Friday, February 3, 2017

The Lobster

Single people must find a romantic partner in 45 days or face being turned into an animal and released into the wild in this absurd dystopian horror/comedy.

Unconscious, tranquilized loners lie on the ground, recently captured during a hunt, as their comrades are placed upon luggage trolleys and loaded into vans. A man smashes his face against a bedside table to bring on a nosebleed to better relate to his potential mate. A woman gives a sincere goodbye stroke to the mane of a golden-haired pony. A couple makes sure they have their marriage papers in order after being confronted by police. Fugitives wearing headphones dance in a dark forest to barely perceptible electronic music.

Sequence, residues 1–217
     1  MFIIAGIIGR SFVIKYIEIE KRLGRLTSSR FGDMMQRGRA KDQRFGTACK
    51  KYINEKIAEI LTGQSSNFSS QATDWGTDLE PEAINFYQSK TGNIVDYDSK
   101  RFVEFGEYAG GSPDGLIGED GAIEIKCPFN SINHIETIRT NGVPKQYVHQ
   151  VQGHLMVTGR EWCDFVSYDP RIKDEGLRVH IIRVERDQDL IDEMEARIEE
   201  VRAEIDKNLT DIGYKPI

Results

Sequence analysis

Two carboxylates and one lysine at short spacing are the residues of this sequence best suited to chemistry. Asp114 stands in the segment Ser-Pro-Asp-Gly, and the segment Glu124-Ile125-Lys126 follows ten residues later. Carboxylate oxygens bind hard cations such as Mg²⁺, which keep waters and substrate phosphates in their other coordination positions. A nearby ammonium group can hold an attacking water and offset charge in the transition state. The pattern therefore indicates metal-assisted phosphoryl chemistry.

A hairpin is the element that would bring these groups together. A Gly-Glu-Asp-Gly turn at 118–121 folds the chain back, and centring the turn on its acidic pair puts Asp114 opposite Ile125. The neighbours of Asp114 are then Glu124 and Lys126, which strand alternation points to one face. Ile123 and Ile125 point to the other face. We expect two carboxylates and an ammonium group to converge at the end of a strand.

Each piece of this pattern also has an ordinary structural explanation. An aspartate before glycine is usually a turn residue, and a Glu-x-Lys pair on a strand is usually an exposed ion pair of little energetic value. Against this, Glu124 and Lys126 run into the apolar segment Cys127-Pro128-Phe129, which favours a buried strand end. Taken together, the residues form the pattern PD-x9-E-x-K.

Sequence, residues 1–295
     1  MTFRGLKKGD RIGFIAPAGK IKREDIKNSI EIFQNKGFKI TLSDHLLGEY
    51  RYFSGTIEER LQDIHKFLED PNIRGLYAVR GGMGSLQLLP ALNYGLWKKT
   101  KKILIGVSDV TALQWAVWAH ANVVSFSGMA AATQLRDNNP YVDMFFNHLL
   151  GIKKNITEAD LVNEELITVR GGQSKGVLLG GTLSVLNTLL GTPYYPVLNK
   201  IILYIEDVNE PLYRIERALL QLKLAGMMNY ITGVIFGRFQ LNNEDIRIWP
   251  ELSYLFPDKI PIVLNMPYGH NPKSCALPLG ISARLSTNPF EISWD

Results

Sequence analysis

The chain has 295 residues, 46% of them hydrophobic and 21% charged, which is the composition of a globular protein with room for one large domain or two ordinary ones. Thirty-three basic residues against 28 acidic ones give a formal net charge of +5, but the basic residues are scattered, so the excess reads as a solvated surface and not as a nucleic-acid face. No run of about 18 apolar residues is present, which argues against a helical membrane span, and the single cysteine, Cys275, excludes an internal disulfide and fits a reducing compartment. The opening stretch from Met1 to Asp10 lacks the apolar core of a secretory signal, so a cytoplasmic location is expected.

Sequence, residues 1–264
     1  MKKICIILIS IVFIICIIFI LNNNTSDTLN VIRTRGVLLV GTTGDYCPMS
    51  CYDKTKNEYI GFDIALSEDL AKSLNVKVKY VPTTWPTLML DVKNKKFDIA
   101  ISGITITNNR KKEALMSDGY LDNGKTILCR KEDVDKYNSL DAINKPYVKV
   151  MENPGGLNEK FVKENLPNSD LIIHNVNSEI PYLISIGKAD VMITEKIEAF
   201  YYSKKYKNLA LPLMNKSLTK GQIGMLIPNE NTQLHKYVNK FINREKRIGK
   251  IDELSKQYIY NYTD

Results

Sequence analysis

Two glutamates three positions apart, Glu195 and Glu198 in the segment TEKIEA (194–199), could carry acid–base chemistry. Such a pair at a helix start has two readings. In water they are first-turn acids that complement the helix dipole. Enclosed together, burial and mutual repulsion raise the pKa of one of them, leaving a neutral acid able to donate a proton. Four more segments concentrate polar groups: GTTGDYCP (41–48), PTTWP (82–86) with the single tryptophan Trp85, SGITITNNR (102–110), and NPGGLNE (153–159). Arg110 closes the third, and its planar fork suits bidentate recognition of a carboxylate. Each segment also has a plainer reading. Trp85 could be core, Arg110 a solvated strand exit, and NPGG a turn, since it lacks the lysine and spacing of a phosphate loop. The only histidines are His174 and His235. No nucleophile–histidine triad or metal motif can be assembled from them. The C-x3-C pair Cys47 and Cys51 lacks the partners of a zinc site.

Ironic and brutal, The Lobster is leisurely paced, and beautifully filmed. It's a quietly horrifying and wryly comic film.

As with my previous reviews, I was going to somehow review The Lobster as a documentary, to comment on the current state of affairs around the world as it becomes the dystopia that has been so often reflected in art, literature, and film. I don't see the point anymore.

It's fine.

While I'm being chased through the forest as I futilely try to resist an incomprehensible, inescapable future that pursues me, why don't you pass the time by checking out my review of the paranormal TV show Rescue Mediums at Cultured Vultures?

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